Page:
Data Collection

Sydney is the largest city in Australia and the capital of the state of New South Wales (NSW). It is situated on the southeast coast at 33.8°S latitude; its climate is mild temperate, with mild winters (average daytime maximum 16.3°C) and warm summers (average daytime maximum 25.9°C) [20]. The Sydney metropolitan area corresponds approximately to the Sydney Statistical Division (SD) administrative boundary, which occupies 12 145 km2, extending 90 km inland from the coast (Fig. 1). The Sydney SD had a population of 6.3 million in 2001 [21].

We obtained hospital admissions (emergency and planned) from all private and public hospitals located in the Sydney SD for the period July 1st 1991- June 30th 2009. The primary causes of admission were classified according to the International Classification of Diseases ICD9 code for the years 1991–1996, and following the ICD10 code for the period 1997–2009 (Appendix S1). As the use of an emergency flag is inconsistent within the dataset, with considerable differences between hospitals for example, we included all admissions in our analyses. We selected several broad disease classifications based on the literature as likely primary causes of hospital admission during hot days. These were cardiovascular (CVD), respiratory (RD), genitourinary (GU) and mental (MD) diseases, diabetes mellitus (DIA), volume depletion (hereafter dehydration, DEH), as well as the direct heat-related outcomes of the combined disease categories of ‘effects of heat and light’ and ‘exposure to natural heat’ (HEAT). We further divided the CVD, RD, GU and MD categories into more specific diagnoses and analyzed these separately. The selection of the broad groups of medical conditions was based on literature review; the choices of smaller subcategories were based on those that enabled a clear translation of the disease codes between the ICD9 and ICD10 classification through mapping tables developed and available at the National Casemix and Classification Centre at the University of Wollongong [22].

We obtained meteorological variables from the Australian Bureau of Meteorology (BOM). We used hourly measurements of temperature and relative humidity at four meteorological stations to calculate daily overall averages over the Sydney region. The following stations were selected because they are located within the Sydney SD, they measured continuously across the whole study period and each had less than 2% missing data: Sydney Airport (World Meteorological Organization (WMO) index number 94767, BOM station number 066037, 33. 9465°S, 150. 1731°E), Bankstown (WMO index number 94765, BOM station number 066137, 33. 9181°S, 150.9864°E), Mount Boyce (WMO index number 94743, BOM station number 063292, 33.6185°S, 150. 2741°E) and Richmond RAAF (WMO index number 95753, BOM station number 067105, 33.6004°S, 150.7761°E).

The NSW Environment Protection Authority provided hourly maximum concentrations of particulate matter of diameter less than 10 µm (PM10) and ozone (O3) for several monitoring stations across Sydney. We computed the daily average of all the stations within the Sydney SD that had less than 10% missing data, which comprised the three residential stations; namely, Richmond, Liverpool and Bringelly.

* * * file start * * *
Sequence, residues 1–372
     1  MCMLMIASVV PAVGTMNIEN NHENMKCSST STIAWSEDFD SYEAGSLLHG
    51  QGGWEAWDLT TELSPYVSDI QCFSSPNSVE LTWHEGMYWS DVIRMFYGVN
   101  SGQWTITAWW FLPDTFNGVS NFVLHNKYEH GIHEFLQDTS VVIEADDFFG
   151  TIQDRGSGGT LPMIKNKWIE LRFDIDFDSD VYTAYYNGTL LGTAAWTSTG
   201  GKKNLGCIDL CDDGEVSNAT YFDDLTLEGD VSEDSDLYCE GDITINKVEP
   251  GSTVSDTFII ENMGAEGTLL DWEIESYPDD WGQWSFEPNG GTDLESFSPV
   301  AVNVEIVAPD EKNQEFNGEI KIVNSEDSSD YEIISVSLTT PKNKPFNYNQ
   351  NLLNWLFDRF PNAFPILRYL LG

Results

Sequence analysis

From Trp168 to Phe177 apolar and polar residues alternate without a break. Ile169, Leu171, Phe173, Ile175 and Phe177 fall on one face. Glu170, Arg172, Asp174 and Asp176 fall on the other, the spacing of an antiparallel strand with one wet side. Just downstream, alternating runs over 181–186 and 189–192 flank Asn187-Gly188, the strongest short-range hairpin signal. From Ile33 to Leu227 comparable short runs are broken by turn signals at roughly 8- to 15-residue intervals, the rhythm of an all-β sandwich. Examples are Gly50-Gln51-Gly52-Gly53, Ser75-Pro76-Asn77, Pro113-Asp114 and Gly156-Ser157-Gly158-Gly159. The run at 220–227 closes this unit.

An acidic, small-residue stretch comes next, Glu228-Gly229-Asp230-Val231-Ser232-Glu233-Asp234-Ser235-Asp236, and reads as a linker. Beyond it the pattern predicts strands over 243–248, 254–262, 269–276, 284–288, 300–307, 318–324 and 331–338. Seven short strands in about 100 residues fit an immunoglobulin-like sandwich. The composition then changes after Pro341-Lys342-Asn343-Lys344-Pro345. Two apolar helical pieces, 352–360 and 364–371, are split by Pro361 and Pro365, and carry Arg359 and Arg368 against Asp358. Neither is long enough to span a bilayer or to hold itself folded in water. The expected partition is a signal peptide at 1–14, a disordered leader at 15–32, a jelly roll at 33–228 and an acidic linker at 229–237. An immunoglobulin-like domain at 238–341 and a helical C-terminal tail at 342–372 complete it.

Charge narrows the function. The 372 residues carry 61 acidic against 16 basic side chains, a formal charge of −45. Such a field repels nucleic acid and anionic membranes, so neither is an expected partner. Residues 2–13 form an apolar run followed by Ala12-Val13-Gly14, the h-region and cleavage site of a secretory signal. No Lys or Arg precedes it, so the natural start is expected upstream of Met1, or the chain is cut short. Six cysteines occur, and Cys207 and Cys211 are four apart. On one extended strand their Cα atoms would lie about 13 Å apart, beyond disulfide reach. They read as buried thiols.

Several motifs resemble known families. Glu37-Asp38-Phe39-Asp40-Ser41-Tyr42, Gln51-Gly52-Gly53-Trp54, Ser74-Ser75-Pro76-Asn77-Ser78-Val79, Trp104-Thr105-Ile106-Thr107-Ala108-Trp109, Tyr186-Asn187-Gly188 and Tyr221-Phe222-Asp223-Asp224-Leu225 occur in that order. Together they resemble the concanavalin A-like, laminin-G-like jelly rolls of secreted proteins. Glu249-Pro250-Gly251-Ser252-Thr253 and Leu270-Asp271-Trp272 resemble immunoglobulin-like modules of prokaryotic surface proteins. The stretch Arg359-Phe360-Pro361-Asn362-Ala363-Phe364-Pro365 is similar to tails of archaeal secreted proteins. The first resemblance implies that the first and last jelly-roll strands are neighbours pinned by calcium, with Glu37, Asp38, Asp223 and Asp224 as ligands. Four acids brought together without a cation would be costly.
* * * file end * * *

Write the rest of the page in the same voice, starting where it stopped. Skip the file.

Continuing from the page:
Data Analysis

To identify ‘hot’ days, we first calculated daily values and obtained the probability distribution for the daily average temperature during the study period, identifying as ‘hot’ and ‘very hot’ those with temperatures within the highest 5 per cent and 1 per cent of the distribution.

We then applied the time-stratified case-crossover method [23]. The case-crossover design was proposed by Maclure [24] to study the effects of transient exposures on acute events, where the study population consists of only cases who also serve as their own controls. This method has been increasingly applied to epidemiological studies, especially for the investigation of ambient air pollution [25], [26]. It is as an alternative to time-series analysis, with almost identical results [27]. In our study, the time-stratified method divides the whole study period into equally sized, non-overlapping sections of 28 days (strata). When a case day falls within a stratum, it is then matched with control days within the strata by day of the week (for example, if a case day fell on a Monday, it was matched with the two or three Monday control days present within the 28-day stratum). The length of the strata is chosen so that it is short enough to remove the seasonal trend, but long enough to avoid correlation between the case and control days [28].

We then used conditional logistic regression to calculate the odds ratio (ORs) for hospital admissions on case days compared with controls days. The dependent variable was a hospital admission; the independent variables included the indicator of the extreme day (as a categorical variable), the daily relative humidity and the two air pollutants (O3 and PM10) as potential modifiers/confounders. Daily measurements of the two air pollutants were added to the model as linear independent variables, first separately and then jointly. We also included categorical variables for public and school holidays. The admission was then weighted by the frequency of all admissions on that day.